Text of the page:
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Worrying rise in police officer stress as cuts bite

imageThere has been a 15 per cent increase in the number of sick days police officers are taking off due to stress-related illness as they buckle “under more strain than ever before.”

A Freedom of Information Act request has revealed that police officers in England and Wales had 250,000 days off last year due to stress-related illness. Reports are that there are currently 787 officers are currently signed off for stress across 35 forces.

A spokesman for the Police Federation of England and Wales said: “The unprecedented cuts to the police service have meant that officers are under more strain now than ever before, with 16,000 officers having been lost in the last three years.

“Our members are being asked to do more and more with fewer resources and while they have risen admirably to the challenge it is inevitable that the increased pressures they’re facing will have an impact on their health and wellbeing.

“The Police Federation is working closely with the Association of Chief Police Officers and the College of Policing on measures to combat officer stress and played a key role in the introduction of new flexible working guidelines.”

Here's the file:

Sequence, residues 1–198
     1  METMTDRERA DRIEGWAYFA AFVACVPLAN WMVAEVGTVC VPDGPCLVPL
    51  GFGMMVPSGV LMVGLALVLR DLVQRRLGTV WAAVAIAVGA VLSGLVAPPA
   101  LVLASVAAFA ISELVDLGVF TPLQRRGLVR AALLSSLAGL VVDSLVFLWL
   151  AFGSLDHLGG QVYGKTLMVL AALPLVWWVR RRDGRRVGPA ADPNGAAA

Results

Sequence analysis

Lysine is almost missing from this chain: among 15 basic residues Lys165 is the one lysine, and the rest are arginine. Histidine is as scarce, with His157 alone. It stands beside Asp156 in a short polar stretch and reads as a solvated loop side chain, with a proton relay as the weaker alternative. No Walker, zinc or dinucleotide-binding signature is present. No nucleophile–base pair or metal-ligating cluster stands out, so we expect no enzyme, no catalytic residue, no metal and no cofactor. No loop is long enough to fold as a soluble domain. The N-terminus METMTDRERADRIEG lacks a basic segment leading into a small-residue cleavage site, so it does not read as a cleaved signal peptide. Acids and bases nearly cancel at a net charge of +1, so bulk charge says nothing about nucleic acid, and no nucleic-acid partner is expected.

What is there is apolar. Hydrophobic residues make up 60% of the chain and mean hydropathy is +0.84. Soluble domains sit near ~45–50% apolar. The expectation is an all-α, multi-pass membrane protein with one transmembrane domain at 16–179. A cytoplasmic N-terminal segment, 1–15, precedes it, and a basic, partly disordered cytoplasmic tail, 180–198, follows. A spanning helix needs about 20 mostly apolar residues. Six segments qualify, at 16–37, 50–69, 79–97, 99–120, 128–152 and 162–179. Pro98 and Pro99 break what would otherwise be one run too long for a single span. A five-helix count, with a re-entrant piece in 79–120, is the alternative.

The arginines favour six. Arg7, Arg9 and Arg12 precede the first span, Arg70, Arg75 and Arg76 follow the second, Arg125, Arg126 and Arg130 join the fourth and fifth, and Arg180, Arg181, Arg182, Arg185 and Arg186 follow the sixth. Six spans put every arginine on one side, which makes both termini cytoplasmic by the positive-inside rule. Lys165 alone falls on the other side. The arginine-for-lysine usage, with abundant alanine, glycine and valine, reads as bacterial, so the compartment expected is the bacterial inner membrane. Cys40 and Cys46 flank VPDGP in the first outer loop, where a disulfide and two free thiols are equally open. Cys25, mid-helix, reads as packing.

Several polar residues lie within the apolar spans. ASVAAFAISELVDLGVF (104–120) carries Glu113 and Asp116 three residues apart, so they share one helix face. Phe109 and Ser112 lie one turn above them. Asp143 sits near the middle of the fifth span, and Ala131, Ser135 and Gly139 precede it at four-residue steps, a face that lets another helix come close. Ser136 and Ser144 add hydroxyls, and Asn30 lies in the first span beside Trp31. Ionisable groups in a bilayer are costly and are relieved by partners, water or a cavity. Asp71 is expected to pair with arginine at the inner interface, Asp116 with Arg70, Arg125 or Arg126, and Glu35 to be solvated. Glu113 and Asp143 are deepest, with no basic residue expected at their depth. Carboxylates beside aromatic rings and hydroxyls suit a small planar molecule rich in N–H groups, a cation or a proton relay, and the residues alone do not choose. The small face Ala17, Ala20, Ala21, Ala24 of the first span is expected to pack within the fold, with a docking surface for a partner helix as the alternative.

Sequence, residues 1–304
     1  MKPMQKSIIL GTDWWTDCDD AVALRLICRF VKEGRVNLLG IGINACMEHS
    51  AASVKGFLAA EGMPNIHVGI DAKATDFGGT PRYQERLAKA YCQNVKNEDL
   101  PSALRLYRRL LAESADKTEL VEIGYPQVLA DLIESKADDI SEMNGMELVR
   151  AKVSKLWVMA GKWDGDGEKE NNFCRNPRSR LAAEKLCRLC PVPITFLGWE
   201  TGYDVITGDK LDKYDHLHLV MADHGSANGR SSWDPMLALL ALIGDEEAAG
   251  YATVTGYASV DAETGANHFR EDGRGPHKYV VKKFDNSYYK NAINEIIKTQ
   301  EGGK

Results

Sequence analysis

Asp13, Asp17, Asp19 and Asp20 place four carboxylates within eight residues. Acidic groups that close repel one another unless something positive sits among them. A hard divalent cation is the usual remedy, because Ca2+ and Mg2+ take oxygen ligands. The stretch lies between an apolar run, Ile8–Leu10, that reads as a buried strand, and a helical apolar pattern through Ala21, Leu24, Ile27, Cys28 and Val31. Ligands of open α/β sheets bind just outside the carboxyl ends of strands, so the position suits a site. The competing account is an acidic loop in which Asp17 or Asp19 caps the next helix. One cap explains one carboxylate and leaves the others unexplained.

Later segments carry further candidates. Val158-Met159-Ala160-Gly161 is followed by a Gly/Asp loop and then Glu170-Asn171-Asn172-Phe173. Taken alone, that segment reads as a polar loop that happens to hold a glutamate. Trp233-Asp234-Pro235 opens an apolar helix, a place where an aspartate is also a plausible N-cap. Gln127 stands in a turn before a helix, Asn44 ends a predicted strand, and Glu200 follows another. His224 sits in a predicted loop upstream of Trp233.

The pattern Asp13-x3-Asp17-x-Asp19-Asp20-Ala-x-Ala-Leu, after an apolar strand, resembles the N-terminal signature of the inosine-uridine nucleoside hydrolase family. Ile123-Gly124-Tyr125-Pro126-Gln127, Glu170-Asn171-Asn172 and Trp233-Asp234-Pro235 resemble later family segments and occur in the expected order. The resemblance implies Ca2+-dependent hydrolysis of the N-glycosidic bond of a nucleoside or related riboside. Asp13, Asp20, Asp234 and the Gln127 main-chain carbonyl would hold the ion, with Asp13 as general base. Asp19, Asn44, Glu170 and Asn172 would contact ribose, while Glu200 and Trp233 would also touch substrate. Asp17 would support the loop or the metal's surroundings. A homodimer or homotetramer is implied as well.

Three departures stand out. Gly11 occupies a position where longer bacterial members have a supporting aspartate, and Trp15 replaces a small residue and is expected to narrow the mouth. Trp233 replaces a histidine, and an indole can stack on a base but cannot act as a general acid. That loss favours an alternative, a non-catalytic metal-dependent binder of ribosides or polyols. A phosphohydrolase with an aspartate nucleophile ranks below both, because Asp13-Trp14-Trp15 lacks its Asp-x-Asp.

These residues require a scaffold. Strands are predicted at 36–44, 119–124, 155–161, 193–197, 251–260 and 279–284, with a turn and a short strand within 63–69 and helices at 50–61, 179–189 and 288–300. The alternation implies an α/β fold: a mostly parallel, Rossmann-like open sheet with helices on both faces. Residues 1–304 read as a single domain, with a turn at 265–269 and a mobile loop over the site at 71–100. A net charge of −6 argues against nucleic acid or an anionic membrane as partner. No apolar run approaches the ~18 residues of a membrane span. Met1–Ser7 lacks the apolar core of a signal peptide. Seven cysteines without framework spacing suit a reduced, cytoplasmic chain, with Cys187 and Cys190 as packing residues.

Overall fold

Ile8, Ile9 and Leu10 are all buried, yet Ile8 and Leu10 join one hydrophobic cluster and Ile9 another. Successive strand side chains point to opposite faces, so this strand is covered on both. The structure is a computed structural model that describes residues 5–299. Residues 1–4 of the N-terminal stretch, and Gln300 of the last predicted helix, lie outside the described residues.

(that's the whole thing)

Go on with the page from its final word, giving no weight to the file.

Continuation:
The Samaritans have highlighted signs that could show a colleague is feeling under pressure. These include irritableness, nervousness or drinking or smoking more than usual. If someone becomes withdrawn, loses interest in their appearance or is putting themselves down in a serious or jokey way, they might also be reaching out for help.

Officers who are feeling under high levels of stress can speak to Occupational Health at their force, their GP or call a helpline such as the Samaritans on 08457 909090.

Date posted: February 20, 2014

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